With the recent pandemic, a lot of our clients moved very quickly to a fully remote workforce. Much of this is familiar territory, but recruiting and hiring, this is a change. Several of our clients reached out for help with how to onboard new hires virtually. They are struggling transitioning to virtual interviewing and virtual onboarding.
This is a good time to invest in building out your virtual onboarding process, and we put together some of our top tactics to help make a smooth transition to remote workforces becoming the new norm.
First let's look at the success criteria we use to measure a well designed onboarding process:
- Ensure that new employees are immediately engaged in their work.
- Makes new hires feel comfortable while entering their new place of employment.
- Improves the overall integration for everyone on the team.
- Helps with current employee retention.
Now let's look at our top tactics to successful virtual onboarding of new hires.
1. Mail an onboard package a few days prior to starting.
Send an onboarding kit prior to them getting started, just as if they were starting at the office. Make sure they have all the equipment they will need to be able to have a productive work environment.
Ensure you send a copy of your Employee Handbook, unless yours is electronic, then direct them to it. Include an organizational chart, to help them know who’s who in the company. Be sure to provide any type of training material they will need that is not digital (you may want to think about starting to digitize that, if you have not already done so). And last but not least, include a schedule of expectations, so they know what to expect in their first days.
2. Create a playbook for the role.
Having a successful playbook takes a lot of the stress out of onboarding. A good playbook will have an introduction to the company culture as well as company wide policies, then role specific training material for their role. If you don’t have a playbook created, create a google sheet and add links to all your training material and any department or role specific material needed. You will likely have different playbooks for different roles. He is an example of one of ours.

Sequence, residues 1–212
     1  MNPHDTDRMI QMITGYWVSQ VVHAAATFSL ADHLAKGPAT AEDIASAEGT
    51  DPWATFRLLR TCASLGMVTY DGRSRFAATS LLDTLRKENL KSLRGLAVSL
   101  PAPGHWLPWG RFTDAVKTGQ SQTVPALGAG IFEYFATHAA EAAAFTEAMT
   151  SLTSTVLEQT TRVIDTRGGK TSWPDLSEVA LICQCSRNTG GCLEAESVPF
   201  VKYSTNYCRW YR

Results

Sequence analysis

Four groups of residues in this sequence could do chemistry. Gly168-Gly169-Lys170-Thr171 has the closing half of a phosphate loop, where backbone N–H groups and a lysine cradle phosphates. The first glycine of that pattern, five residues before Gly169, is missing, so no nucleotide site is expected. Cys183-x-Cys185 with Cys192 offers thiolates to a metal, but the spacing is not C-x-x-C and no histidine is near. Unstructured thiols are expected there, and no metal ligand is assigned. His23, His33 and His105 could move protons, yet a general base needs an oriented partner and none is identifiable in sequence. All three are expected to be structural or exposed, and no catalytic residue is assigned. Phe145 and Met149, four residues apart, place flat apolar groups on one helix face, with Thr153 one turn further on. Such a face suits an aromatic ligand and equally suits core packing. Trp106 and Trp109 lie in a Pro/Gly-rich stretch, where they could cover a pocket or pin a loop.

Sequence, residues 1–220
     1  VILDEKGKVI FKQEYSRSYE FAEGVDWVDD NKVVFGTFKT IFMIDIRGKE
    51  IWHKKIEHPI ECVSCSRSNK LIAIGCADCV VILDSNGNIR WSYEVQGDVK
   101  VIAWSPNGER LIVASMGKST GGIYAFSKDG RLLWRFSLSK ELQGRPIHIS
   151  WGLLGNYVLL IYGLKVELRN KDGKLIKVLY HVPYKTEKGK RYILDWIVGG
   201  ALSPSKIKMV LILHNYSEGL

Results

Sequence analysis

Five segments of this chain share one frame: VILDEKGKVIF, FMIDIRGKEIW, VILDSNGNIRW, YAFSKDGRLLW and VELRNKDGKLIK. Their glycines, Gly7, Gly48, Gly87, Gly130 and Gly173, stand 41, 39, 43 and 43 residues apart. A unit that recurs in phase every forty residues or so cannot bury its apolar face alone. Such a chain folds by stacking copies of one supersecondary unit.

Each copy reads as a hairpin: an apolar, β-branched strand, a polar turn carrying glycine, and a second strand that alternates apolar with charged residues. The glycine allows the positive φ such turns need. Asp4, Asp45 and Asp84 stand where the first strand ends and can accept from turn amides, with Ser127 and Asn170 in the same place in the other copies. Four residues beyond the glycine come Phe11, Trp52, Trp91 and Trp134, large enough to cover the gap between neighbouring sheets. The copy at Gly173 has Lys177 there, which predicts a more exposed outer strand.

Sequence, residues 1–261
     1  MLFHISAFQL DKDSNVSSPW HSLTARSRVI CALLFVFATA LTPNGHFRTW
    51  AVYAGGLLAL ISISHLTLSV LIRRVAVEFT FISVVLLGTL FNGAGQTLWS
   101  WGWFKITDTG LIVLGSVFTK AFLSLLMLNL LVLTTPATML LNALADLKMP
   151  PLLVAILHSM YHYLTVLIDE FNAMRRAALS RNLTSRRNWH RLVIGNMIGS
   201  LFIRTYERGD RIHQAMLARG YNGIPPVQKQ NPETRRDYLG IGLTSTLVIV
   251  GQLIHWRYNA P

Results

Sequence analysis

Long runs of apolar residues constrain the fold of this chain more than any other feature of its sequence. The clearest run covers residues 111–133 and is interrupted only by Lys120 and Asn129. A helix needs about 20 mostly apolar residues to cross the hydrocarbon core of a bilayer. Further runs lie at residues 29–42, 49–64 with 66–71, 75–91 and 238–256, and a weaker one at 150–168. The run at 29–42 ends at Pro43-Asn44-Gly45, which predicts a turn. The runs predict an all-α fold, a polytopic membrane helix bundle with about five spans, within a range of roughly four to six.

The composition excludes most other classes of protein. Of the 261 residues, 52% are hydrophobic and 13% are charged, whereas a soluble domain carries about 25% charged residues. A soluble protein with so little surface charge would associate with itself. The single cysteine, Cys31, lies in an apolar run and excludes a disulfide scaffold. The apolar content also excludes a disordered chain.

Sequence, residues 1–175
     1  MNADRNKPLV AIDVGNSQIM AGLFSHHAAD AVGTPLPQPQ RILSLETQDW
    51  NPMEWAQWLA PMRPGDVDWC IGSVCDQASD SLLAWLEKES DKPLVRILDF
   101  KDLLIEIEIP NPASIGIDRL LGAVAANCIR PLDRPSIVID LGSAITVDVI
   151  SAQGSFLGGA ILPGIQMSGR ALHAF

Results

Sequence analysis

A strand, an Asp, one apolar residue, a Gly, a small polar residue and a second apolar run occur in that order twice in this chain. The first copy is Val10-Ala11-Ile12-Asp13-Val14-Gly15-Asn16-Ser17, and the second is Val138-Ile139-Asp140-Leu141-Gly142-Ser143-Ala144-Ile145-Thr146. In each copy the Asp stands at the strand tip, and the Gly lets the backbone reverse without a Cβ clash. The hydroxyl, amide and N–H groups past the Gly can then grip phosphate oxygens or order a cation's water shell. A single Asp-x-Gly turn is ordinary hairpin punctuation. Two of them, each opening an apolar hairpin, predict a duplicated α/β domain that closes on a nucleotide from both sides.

If you have an orientation or training book made, that will work great as well.
3. Break the ice on the first day with the team.
We recommend doing a welcome video call with the team they will be working with. This helps to put faces to names and allows them to start building relationships. Add a fun ice breaker to the meeting to loosen everyone up. Perhaps have everyone share a fun fact about themselves like a favorite TV show they are binge watching, maybe how they are spending time with family during quarantine. This will help them get acquainted with everyone, and allows everyone to enjoy the experience of getting to know a new colleague.
4. Have a strong orientation schedule and tasks lists.
It’s essential to be extremely organized and have a detailed outline and schedule of what you expect from them day one and week one. Make sure you have scheduled everyone’s calendars according to who will be taking part in training of the new employee. First things first—make sure they have all their logins to all your tools, especially Slack or other internal communication tools, that way they can reach out to folks for help as needed. Use shared documents. Have an efficient tasks list established with due dates and expectations clearly laid out. Creating a task list ensures that each employee is assigned to a specific task, and projects are completed on time. This reduces any confusion amongst the employees.
5. Change it up.
When onboarding virtual employees with many responsibilities, break the training up into different parts and introduce them in phases. Confusion and misunderstanding interrupts workflow, but with organization and clear instructions employees know exactly what is expected from them. Breaking up the content into phases is an effective tactic to ease the learning process. Make sure your new hire fully understands what is expected from them before moving on to the next step. When responsibilities are introduced gradually, they can be mastered more quickly, resulting in more efficiency and productivity.
6. Favor video one-on-ones.
Make sure all meetings with management is done via video. This allows you to break down barriers, feel more personable. Plus, as a leader you will be able to gage their body language, which will give you more insight on how things are truly going.
7. Adjust as needed.
It’s easy to neglect the effectiveness of the program once it’s implemented. By regularly collecting feedback from new hires you can improve and adjust to ensure that they have a good start at your company.
Share your Experiences
What was the best or worst experience you had when trying to onboard a new virtual hire? Comment below!